ArticlePDF Available

Abstract

Ducks are waterfowl belonging to the Anatidae family of cosmopolitan distribution. In duck production systems, obtaining ducklings at one-day-old is determinant for the productive chain. The egg production in some species of ducks reaches about 250 to 300 eggs per year. Obtaining one-day-old ducklings can be done by natural incubation with a broody female duck or artificially in an incubator. During artificial incubation, fertility and hatchability are the most important indicators that must be controlled, because they influence the supply of ducklings to the farm. Many factors are related to fertility and hatching, such as environmental conditions, production system, season, nutrition, management of broodstock, storage time of egg and cleaning of eggs before the incubation. According to some reports, Pekin eggs have greater hatchability than Muscovy eggs. The eggs of Muscovy have presented values lower than 22.7% of hatchability. The hatchability of Pekin duck eggs was 78.0% in the spring, while in summer it was around 46.5%. The best hatchability is observed during the winter (57.68%), as in the summer it decreases to 54.14%. The reproductive characteristics of flocks, age, external and internal quality of the egg, male female relation, and presence of lethal genes are factors that directly involve breeders. Larger sexual ratios between males and females of 1:4.3 to 1: 10 cause reduced egg fertility from 75.9% down to 49.6%. Successful production of day-old ducklings starts with the proper selection and management of breeding stock, proper post-lay handling of fertile eggs and the correct incubation process. There are different methods used to improve the hatchability such as dipping eggs in nutrients during the incubation period.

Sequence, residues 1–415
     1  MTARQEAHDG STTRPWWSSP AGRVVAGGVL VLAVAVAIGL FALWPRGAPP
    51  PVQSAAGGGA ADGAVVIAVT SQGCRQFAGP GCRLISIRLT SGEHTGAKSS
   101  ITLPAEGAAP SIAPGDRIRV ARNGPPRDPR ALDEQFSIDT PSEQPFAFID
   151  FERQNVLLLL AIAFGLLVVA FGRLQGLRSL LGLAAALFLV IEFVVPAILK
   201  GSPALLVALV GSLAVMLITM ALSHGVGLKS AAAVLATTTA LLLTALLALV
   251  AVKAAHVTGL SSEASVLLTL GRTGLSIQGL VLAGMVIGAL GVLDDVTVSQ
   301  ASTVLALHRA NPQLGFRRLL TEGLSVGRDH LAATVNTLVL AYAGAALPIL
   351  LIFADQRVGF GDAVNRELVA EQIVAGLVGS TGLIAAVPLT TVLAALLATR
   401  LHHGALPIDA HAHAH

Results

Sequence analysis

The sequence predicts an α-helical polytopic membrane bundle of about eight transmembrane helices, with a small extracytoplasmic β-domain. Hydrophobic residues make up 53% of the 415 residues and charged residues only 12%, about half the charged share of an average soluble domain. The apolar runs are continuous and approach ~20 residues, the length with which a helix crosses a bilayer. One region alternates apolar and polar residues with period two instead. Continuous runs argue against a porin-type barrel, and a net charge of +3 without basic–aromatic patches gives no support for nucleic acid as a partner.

Fertility and hatchability in duck eggs
M.E. ABD EL-HACK
1
*, C.B. HURTADO
2
, D.M. TORO
3
, M. ALAGAWANY
1
*,
E.M. ABDELFATTAH
4
and S.S. ELNESR
5
1
Poultry Department, Faculty of Agriculture, Zagazig University, Zagazig 44511,
Egypt;
2
Department of Livestock Sciences, Faculty of Veterinary Medicine and
Zootechnic, University of Córdoba, Monteria 230002, Colombia;
3
Laboratory of
Animal Nutrition, Faculty of Natural Sciences, Autonomous University of
Queretaro, Queretaro 76230, Mexico;
4
Department of Animal Science, University of
California Davis, Meyer Hall, One Shields Avenue, Davis, CA 95616. USA;
5
Poultry
Production Department, Faculty of Agriculture, Fayoum University, Fayoum,
63514, Egypt
*Corresponding author: m.ezzat@zu.edu.eg; dr.mahmoud.alagwany@gmail.com
Ducks are waterfowl belonging to the Anatidae family of cosmopolitan distribution.
In duck production systems, obtaining ducklings at one-day-old is determinant for
the productive chain. The egg production in some species of ducks reaches about
250 to 300 eggs per year. Obtaining one-day-old ducklings can be done by natural
incubation with a broody female duck or articially in an incubator. During
articial incubation, fertility and hatchability are the most important indicators
that must be controlled, because they inuence the supply of ducklings to the
farm. Many factors are related to fertility and hatching, such as environmental
conditions, production system, season, nutrition, management of broodstock,
storage time of egg and cleaning of eggs before the incubation. According to
some reports, Pekin eggs have greater hatchability than Muscovy eggs. The eggs
of Muscovy have presented values lower than 22.7% of hatchability. The
hatchability of Pekin duck eggs was 78.0% in the spring, while in summer it was
around 46.5%. The best hatchability is observed during the winter (57.68%), as in
the summer it decreases to 54.14%. The reproductive characteristics of ocks, age,
external and internal quality of the egg, male female relation, and presence of lethal
genes are factors that directly involve breeders. Larger sexual ratios between males
and females of 1:4.3 to 1: 10 cause reduced egg fertility from 75.9% down to 49.6%.